Multiple factors are involved in the successful placement of dental implants. Careful treatment planning, surgical skill, well designed prosthetics, and excellent patient maintenance are required. The posterior maxilla frequently poses numerous complications that must be evaluated and overcome prior to dental implant surgery. Poor bone quality and the presence of the maxillary sinus are the main challenges.

The crestal sinus floor elevation is an adjunctive surgical procedure that is often required. Crestal sinus lifts are generally indicated when the residual bone height under the sinus is greater than 5 mm. Osseodensification burs have been shown to be a safe and minimally invasive technique to achieve this result.

Osseodensification – Osseodensification does not create the tissue. It optimizes the bone that is already present.Osseodensifying burs induce a pressure wave ahead of the bur to facilitate the autografting of bone particles along the inner surface walls and apex of the osteotomy. The burs are used to densify the osteotomy, and autocompact bone by pushing autogenous bone apically and outward toward the osteotomy walls. The slurry of irrigation fluid and autogenous bone chips creates the gentle hydraulic detachment and elevation of the Schneiderian membrane 7. The sinus is therefore augmented with a potentially low risk of perforation. Additionally, in this case, the burs were advanced in 1 mm increments just past the sinus floor. The burs are never to be advanced past 3 mm beyond the floor of the sinus.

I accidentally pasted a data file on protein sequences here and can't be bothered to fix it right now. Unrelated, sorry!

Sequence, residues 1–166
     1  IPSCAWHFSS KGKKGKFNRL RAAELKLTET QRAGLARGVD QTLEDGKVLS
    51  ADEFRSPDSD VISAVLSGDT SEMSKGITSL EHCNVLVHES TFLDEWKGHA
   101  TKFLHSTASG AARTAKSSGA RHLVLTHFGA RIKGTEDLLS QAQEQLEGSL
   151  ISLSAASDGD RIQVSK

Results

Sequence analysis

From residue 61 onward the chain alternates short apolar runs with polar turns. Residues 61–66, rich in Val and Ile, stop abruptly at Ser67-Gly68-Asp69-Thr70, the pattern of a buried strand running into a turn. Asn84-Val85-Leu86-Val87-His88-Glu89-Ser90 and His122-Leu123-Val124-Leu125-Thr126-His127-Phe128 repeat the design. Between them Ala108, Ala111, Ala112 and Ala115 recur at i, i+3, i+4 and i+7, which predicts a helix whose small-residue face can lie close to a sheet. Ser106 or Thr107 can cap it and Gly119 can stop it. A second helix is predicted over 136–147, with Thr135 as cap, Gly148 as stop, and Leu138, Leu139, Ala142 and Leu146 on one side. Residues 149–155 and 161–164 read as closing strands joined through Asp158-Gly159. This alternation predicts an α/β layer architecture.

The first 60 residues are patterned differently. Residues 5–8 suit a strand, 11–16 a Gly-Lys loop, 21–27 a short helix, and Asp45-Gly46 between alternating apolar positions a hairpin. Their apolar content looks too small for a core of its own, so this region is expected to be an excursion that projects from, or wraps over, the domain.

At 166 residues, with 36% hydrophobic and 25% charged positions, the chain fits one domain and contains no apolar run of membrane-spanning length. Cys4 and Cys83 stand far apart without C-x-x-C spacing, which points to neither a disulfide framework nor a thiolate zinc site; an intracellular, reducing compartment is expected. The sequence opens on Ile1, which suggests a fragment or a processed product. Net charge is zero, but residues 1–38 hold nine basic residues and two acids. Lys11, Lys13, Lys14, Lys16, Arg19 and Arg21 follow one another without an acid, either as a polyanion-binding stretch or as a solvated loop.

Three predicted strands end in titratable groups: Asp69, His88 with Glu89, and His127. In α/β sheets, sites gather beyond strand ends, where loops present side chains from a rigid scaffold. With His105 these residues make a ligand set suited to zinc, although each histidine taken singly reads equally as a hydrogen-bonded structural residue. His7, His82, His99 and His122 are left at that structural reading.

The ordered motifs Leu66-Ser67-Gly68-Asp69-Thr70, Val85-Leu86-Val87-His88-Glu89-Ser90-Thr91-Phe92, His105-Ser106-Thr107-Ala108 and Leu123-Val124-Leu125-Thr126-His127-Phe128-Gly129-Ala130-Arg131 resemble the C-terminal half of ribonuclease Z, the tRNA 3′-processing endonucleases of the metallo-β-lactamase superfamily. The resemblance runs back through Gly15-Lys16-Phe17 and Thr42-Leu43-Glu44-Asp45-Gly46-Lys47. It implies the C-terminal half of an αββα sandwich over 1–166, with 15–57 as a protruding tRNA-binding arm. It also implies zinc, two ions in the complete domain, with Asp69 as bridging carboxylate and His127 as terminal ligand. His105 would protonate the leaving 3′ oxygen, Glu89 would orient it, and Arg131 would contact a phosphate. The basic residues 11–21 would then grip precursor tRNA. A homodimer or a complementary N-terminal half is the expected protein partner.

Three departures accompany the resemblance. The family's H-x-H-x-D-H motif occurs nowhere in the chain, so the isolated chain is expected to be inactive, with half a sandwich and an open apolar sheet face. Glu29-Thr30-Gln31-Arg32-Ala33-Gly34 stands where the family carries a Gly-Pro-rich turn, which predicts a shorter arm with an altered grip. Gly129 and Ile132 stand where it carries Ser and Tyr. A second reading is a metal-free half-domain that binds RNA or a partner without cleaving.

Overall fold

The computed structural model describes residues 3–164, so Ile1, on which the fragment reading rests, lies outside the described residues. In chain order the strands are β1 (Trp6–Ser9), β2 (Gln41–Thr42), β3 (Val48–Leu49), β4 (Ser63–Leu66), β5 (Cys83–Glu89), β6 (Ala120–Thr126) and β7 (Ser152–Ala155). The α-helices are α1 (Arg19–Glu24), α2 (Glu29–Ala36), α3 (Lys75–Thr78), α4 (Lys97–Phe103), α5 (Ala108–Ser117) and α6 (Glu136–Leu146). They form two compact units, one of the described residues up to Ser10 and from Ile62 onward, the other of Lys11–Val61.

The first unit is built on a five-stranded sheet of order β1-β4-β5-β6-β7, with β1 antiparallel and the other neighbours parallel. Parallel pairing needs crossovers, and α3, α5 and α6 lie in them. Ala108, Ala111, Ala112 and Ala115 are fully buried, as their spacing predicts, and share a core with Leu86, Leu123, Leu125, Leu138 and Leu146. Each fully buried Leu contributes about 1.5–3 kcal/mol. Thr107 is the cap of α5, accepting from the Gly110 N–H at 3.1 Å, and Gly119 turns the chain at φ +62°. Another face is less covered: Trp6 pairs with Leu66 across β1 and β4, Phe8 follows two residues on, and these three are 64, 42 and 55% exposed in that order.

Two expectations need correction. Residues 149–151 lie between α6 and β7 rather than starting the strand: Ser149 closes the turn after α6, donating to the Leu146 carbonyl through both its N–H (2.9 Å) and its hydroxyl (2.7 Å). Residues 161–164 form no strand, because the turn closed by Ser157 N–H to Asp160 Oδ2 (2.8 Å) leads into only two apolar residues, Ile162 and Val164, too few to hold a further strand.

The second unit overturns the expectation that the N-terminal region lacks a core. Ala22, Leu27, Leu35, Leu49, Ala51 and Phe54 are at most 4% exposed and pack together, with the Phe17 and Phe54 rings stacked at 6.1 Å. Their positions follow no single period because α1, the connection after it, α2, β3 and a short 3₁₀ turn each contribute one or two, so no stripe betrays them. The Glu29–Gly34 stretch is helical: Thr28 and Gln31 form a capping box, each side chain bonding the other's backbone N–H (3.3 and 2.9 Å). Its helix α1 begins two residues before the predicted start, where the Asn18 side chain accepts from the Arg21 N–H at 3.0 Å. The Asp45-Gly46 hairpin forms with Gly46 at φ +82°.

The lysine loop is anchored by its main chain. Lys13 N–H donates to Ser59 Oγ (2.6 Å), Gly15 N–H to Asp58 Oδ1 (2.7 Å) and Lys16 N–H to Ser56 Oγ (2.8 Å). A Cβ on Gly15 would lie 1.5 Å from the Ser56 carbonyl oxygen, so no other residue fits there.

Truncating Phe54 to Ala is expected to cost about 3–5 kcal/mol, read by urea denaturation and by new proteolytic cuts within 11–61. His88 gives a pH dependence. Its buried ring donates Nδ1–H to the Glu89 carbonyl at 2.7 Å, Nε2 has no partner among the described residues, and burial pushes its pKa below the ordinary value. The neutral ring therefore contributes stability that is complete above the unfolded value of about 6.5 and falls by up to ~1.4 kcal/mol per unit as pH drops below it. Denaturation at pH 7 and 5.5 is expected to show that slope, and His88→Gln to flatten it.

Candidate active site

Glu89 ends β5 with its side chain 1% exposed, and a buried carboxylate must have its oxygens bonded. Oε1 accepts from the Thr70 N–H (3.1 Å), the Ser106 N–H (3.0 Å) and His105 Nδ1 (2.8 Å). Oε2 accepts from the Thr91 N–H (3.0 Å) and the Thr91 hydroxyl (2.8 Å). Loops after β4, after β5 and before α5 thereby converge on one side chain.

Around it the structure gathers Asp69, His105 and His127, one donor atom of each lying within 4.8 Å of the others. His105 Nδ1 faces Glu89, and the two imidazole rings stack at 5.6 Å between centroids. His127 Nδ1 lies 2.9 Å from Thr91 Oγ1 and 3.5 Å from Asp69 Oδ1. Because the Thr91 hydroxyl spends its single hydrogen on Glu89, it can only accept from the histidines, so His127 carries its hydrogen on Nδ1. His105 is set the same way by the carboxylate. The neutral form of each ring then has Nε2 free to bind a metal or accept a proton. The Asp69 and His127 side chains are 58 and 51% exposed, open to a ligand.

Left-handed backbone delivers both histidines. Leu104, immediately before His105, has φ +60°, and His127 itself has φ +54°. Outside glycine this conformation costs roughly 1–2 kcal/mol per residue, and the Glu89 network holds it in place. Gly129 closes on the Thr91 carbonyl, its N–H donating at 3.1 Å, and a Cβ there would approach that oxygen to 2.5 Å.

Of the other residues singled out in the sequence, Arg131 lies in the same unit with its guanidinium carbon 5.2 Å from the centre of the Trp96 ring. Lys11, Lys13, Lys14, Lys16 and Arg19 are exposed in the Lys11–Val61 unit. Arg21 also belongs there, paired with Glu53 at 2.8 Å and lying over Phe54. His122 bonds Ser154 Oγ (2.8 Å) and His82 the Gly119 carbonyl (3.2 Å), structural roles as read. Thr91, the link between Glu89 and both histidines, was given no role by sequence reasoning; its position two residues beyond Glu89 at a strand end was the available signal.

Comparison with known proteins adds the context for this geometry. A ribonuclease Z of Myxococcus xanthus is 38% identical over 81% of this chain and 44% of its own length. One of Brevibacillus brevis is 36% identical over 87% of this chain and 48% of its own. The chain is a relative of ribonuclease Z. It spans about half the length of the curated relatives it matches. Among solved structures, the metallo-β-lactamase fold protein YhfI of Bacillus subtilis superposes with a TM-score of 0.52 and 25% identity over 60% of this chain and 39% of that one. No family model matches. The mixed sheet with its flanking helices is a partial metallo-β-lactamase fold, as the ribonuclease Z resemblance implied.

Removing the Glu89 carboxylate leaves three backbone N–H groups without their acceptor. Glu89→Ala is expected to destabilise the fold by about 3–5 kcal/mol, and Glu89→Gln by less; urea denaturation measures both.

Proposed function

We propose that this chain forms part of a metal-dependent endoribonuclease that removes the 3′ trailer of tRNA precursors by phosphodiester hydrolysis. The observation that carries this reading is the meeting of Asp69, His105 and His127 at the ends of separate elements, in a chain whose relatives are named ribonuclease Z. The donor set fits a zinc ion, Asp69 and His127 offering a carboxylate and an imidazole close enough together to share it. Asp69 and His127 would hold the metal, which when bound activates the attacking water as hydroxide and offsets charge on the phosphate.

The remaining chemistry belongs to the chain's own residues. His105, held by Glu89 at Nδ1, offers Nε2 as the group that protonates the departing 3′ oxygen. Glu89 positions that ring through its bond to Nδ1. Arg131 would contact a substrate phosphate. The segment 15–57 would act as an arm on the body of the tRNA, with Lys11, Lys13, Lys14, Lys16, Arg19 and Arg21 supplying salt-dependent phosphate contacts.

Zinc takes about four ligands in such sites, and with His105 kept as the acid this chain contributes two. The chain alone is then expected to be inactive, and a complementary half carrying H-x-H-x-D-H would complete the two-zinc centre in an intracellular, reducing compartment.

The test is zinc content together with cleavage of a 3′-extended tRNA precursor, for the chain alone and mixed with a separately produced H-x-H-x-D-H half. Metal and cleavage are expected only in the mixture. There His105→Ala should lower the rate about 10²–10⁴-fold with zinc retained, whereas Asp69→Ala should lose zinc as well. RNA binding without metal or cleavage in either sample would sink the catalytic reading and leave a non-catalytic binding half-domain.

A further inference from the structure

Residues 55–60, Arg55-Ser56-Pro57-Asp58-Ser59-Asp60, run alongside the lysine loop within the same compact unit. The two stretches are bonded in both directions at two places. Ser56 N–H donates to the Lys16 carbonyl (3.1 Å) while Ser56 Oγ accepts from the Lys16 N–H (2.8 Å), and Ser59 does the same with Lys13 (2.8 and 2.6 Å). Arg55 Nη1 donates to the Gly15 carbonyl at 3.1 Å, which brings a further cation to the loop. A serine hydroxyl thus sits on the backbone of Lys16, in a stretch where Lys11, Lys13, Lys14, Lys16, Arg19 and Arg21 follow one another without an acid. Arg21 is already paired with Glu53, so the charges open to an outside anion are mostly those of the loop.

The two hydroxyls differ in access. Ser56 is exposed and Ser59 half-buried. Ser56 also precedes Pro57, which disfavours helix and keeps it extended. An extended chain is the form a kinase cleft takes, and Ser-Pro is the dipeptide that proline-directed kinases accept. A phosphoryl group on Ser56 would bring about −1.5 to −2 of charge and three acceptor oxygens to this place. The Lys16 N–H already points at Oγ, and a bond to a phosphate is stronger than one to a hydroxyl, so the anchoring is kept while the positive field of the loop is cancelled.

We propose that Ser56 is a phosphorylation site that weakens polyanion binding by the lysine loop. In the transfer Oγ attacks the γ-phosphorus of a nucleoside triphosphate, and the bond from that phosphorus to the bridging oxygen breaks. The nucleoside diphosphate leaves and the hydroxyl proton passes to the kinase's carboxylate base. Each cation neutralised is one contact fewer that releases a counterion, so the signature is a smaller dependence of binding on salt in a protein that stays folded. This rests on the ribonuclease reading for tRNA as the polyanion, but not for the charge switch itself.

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The ISQ (Implant Stability Quotient) measures the degree of osseointegration and implant stability. A value above 70 means the implant is stable and ready for loading. The implant here had an ISQ of 52 at placement, therefore its primary stability was insufficient to load immediately. At 2nd stage after 4 months of healing, the implant had an ISQ of 89, showing very high stability and hence was loaded with a prosthesis.